Mintoff, the firebrand in his very own words
Anthony Manduca lists some of Mintoff’s more memorable quotes.
Dom Mintoff was a controversial divisive figure who played a dominant role in Maltese politics for close to 40 years. A firebrand charismatic left-winger, he clashed with the Catholic Church, turned Malta into a Republic, greatly increased welfare benefits, expanded the role of the state in the economy, established close ties to Muammar Gaddafi’s Libya and Communist China, had a love-hate relationship with Britain and presided over a period of political violence and an erosion of civil liberties and the rule of law.
In December 1986, two years after he stepped down as Prime Minister, he was instrumental in convincing his Labour Party to agree to a constitutional amendment on majority rule which paved the way for the Nationalist Party to win the May 1987 election.
In 1998 he voted against his own party in Parliament which led to the collapse of Alfred Sant’s Labour government. The Nationalist Party consequently won the September 1998 election (and the following two elections) which ironically paved the way for Malta to join the European Union in 2004, something which Mr Mintoff had always opposed.
“We were poor because we were ignorant and they left us in an ignorant state on purpose. Not because God wanted us to be poor, as today there is the same God”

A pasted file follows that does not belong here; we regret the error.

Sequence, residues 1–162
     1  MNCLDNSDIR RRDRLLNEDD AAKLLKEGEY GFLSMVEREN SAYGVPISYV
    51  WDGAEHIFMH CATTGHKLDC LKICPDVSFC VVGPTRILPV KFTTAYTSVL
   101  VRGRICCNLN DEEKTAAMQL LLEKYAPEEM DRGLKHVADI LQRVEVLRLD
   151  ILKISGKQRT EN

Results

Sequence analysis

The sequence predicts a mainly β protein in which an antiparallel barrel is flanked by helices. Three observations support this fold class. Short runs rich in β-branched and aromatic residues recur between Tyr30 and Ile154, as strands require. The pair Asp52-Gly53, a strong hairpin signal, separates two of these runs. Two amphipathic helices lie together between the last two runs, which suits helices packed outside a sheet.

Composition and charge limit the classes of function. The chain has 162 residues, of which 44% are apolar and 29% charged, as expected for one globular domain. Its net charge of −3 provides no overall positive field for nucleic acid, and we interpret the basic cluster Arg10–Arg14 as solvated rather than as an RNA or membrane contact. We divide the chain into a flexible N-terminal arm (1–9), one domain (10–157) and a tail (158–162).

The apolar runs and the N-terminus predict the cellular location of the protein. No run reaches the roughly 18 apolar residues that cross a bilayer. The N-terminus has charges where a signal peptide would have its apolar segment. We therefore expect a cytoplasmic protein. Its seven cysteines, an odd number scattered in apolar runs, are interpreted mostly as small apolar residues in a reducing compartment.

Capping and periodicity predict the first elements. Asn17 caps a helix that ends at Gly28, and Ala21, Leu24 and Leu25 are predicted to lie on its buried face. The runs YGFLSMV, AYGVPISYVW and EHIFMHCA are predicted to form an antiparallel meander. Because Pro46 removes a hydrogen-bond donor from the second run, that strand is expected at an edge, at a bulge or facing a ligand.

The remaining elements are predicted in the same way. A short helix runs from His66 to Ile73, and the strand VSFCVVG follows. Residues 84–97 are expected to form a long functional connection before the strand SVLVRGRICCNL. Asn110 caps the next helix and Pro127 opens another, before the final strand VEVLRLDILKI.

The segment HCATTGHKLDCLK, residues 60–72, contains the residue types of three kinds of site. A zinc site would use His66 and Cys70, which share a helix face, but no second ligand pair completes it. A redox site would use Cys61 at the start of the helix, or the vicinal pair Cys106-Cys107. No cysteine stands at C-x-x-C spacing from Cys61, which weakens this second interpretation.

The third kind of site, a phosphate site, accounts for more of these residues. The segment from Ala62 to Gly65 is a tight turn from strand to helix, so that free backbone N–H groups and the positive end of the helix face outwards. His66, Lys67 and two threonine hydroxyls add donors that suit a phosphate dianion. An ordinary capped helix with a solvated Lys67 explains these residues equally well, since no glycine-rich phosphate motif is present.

– Speech in Qormi, March 27, 1976.
“French and German workers don’t have more than two meatballs. However, they have greater eagerness, willpower and a greater sense of responsibility than you have”
– Addressing drydocks workers in Cospicua, March 15, 1973.
“Children should be trained at an early age in the merits of socialism”
– Addressing the annual conference of the Young Socialists as the Church schools dispute hotted up, March 16, 1984.
“It is not my style to crush opposition. All my life I have striven to convince. This country is too small to remain divided for long. I hope you believe me”
– Letter to Mabel Strickland after The Times building was set on fire and ransacked by a mob of Socialist thugs, October 18, 1979.
“Shut up Luns! Who the hell do you think you are? Are you God? I am not going to be treated like some Indonesian nigger”
– Shouting at Nato secretary general Joseph Luns during negotiations in Rome, December 1971.
“How could Malta remain neutral if it joined the European Union?”
– Speaking to university students during the EU referendum campaign, February 18, 2003.
“What happened was the result of spontaneous actions after provocations and systematic incitement by the Leader of the Opposition in his newspapers and the incitement of Nationalist MPs in the Council of Europe”
– Mr Mintoff’s reaction shortly after Eddie Fenech Adami’s house was ransacked by a Socialist mob on October 15, 1979.
“When we took office, we had an English Governor-General, an English Queen, English currency, a Bank of England man as the head of our central bank ... We had a police force run by a commissioner who stated openly that his loyalty was to the British crown and nobody else. This was only eight years ago. Now Malta is a republic. Everything has changed. Nothing is British anymore.”